Help Your Kids Make New Friends This Year

Want to help your kid make some new friends this year? Here’s a pretty cool thing that I did for my daughter over the last Christmas break. It’s something you could plan to do on weekends, weekdays after school or on the next school break.

Jenni Stahlmann

Jenni Stahlmann is the mom of seven kids (ages 1 to 20) including one on the autism spectrum. She and her husband Matthew homeschool the whole brood. Jenni has been a journalist for more than 20 years, having covered government, business and family issues for a wide range of magazines and newspapers. Currently, she and Jody co-host a weekly syndicated radio show, write a weekly newspaper column and freelance articles and speak at churches, political groups and homeschool conventions about parenting on purpose.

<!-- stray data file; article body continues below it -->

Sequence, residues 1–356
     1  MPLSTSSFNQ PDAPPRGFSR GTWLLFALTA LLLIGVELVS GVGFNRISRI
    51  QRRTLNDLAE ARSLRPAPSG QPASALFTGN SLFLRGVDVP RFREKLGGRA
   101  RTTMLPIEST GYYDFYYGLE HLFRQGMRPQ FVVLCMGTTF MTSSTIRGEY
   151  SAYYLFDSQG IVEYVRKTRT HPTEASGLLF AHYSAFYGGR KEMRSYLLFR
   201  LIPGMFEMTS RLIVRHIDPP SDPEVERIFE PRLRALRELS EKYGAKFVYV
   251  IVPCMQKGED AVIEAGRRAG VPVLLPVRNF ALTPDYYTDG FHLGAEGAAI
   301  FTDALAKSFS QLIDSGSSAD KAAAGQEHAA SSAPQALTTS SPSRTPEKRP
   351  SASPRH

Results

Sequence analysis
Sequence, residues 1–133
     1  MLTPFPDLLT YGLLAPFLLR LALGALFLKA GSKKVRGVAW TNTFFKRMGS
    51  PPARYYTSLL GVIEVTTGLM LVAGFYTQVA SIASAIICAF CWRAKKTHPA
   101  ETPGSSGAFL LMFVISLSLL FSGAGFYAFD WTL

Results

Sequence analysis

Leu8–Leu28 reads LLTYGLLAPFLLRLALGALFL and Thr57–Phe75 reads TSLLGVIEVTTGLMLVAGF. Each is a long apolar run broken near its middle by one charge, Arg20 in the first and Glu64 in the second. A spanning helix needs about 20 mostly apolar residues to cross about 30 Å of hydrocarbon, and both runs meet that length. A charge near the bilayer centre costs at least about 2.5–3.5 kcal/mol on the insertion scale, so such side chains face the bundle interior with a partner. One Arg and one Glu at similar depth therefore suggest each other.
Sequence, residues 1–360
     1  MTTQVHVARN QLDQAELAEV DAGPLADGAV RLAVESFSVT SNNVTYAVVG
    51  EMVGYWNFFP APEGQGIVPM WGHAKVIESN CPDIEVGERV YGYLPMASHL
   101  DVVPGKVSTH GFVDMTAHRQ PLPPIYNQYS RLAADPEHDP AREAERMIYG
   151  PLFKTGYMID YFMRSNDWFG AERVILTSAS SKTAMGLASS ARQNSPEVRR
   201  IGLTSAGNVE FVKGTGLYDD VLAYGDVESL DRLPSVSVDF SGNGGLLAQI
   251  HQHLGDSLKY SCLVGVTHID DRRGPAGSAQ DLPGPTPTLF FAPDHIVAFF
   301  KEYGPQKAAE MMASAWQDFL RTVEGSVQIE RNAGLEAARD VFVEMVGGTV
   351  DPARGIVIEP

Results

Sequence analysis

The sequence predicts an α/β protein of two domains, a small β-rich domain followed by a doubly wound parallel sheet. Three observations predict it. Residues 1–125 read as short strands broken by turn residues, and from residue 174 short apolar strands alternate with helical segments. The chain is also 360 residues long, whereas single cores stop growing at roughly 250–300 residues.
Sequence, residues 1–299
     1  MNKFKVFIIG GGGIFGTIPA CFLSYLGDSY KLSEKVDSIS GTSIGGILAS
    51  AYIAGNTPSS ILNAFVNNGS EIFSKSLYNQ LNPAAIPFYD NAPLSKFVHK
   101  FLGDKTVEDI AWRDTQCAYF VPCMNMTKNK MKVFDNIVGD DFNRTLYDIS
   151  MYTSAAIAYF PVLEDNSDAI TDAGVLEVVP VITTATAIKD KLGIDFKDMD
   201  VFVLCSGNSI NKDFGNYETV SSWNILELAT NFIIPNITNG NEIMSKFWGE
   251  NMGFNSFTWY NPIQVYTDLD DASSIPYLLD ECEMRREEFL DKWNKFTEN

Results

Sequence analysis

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A Tale of Two Kids — Which One Is Yours?

A tale of two kids, wisdom and foolishness, sibling rivalry, opposites, girls, teens, bored

“It was the best of times, it was the worst of times, it was the age of wisdom, it was the age of foolishness…we had everything before us, we had nothing before us.”

Sounds like Dickens was writing about the teen years.

Our kids do not always realize that they have their entire lives ahead of them. They can choose to have EVERYTHING before them or they can choose to have NOTHING before them. The question is – which will they choose? Will it be an age of wisdom or an age of foolishness? Depending on their choice, what at first appears to be the “worst of times” may turn out to be the “best of times” for them.